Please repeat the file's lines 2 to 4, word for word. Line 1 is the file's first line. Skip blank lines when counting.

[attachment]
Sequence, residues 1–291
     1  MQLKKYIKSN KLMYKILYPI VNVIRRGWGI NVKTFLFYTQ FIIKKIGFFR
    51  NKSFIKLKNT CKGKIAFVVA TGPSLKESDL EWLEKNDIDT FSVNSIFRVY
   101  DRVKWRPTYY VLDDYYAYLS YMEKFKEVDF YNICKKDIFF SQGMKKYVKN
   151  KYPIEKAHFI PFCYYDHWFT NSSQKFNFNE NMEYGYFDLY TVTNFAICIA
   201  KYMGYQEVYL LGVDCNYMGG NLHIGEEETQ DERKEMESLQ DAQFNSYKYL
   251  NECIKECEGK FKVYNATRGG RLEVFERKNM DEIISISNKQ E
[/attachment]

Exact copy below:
     1  MQLKKYIKSN KLMYKILYPI VNVIRRGWGI NVKTFLFYTQ FIIKKIGFFR
    51  NKSFIKLKNT CKGKIAFVVA TGPSLKESDL EWLEKNDIDT FSVNSIFRVY
   101  DRVKWRPTYY VLDDYYAYLS YMEKFKEVDF YNICKKDIFF SQGMKKYVKN